Time and again, investors have learned the power of patience on Wall Street. Despite the benchmark S&P 500 losing 34% of its value in roughly a one-month stretch during the first quarter of 2020, the index has completely…
erased its decline and effectively doubled in value since finding a bottom.
What you might find surprising is that, according to some analysts and investment banks on Wall Street, the upside for certain stocks isn’t anywhere near complete. Based on the highest issued price target from Wall Street for the following five ultra-popular stocks, investors could double, or even triple, their money.
Nio: Implied upside of 125%
The first extremely popular stock investors can’t stop eyeing or buying that has a lofty price target applied by Wall Street is China-based electric-vehicle (EV) manufacturer Nio (NYSE:NIO). With a currency-converted top-end target of about $92 a share, Nio could drive investors to a 125% return, if this price target proves accurate.
The Nio growth story has both macro and micro tailwinds. On a macro basis, China is the largest auto market in the world, and is therefore the top opportunity for auto stocks to benefit from a multi-decade vehicle replacement shift to EVs. With the country’s EV industry still nascent, there’s plenty of market share up for grabs.
On a company-specific basis, Nio has built up an impressive cash hoard and has demonstrated that it can ramp up production. Even with a global chip shortage, Nio delivered almost 21,900 EVs in the second quarter. It looks to be well on its way to producing an annual run-rate of 150,000 EVs, once chip supply issues are resolved.
What’s more, Nio introduced its battery-as-a-service program last year, which should improve customer loyalty and trade some near-term revenue for higher long-term operating margins.
Although $92 a share is a bit aggressive for a company that’s only delivered around 125,500 EVs since its inception, Nio’s growth trajectory is certainly headed in the right direction.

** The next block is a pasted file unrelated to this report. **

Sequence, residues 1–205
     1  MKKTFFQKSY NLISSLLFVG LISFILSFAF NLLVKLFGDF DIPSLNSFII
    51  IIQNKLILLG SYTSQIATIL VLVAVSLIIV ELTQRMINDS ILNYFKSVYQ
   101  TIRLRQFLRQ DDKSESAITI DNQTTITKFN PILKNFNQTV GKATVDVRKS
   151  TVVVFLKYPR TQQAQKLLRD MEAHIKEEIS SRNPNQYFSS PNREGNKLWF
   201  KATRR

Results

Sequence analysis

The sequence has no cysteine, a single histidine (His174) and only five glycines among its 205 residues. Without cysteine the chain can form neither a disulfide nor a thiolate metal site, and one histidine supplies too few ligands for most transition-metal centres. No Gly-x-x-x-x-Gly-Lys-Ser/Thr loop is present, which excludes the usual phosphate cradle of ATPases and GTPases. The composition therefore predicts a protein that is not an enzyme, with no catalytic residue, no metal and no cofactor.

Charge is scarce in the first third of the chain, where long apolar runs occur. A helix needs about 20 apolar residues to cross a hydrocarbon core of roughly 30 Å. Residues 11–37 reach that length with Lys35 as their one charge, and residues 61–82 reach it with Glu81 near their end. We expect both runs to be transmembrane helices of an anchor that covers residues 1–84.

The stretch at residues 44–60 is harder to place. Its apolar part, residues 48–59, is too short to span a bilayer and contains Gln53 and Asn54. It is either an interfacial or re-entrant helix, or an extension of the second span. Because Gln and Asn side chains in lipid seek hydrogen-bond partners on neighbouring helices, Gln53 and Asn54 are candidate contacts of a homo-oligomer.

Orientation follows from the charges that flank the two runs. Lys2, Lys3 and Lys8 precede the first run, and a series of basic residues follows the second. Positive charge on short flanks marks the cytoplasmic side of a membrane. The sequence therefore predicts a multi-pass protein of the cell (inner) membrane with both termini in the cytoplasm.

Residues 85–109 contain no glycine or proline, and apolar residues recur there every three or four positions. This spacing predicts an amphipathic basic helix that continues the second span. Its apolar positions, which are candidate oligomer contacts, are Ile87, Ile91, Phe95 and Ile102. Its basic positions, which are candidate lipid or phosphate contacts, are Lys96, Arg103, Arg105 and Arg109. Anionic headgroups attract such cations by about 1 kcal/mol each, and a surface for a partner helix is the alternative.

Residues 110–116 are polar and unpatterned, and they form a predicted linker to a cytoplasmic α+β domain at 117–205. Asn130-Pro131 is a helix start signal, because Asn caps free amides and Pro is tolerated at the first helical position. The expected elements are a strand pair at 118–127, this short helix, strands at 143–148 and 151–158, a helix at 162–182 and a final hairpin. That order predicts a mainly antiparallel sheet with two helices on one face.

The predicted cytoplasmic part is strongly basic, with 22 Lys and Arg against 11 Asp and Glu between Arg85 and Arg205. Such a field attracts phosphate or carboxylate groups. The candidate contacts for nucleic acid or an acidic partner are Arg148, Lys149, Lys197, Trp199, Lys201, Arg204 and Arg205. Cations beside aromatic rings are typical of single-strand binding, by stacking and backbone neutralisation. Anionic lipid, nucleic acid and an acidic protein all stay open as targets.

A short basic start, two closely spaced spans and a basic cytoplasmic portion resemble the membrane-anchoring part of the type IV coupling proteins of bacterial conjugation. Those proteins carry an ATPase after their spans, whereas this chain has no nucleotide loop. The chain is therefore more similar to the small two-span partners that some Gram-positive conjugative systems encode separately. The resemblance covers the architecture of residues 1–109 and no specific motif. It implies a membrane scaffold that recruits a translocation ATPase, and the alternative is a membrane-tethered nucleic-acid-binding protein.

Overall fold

Canopy Growth: Implied upside of 126%
Another ultra-popular company that at least one Wall Street firm remains very bullish on is Canadian marijuana stock Canopy Growth (NASDAQ:CGC). If the loftiest price target of 51 Canadian dollars ($40.70 U.S.) were to become a reality, Canopy Growth would rocket higher by 126%.
The optimism surrounding the company probably has to do with its leading market share in the Canadian weed industry, as well as its massive cash war chest. According to the company, it maintained a 15.2% share of weed sales in tracked provinces in the calendar second quarter. That’s an impressive figure given how competitive the Canadian cannabis landscape has become over the past three years.
Furthermore, Canopy Growth ended June with CA$2.05 billion in cash and cash equivalents, which means it has more than enough capital to continue executing on its strategy. If you’re wondering why it’s so flush with cash, look no further than multiple direct equity investments from spirits giant Constellation Brands.
However — and this is a big “however” — the Canadian pot industry and Canopy Growth have been an utter disaster since marijuana was legalized in October 2018. Canadian regulators threw cold water on the industry by delaying cultivation and sales license applications. Meanwhile, Canopy Growth did itself no favors by over-expanding its production capacity and grossly overpaying for acquisitions. The bottom line is that Canopy Growth has burned through close to CA$3 billion in cash in less than three years, which makes a CA$51 price target highly unlikely.
Penn National Gaming: Implied upside of 113%
Wall Street also appears to be rolling the dice on gaming and sports betting company Penn National Gaming (NASDAQ:PENN). The highest Wall Street price target forecasts that Penn National will head to $151 a share, which would represent a cool 113% return from where it closed the previous week.
Penn’s overwhelming success since the pandemic struck can be tied to two key factors. First, it owns 43 gaming or horse-racing properties in 20 states. Whereas most casinos were pulverized by the pandemic, Penn National escaped much of this pain since its properties aren’t located solely in tourist destinations. In other words, Penn’s gaming properties encourage local foot traffic, which is one reason it’s so successful.
Arguably the bigger reason Penn has been on fire…
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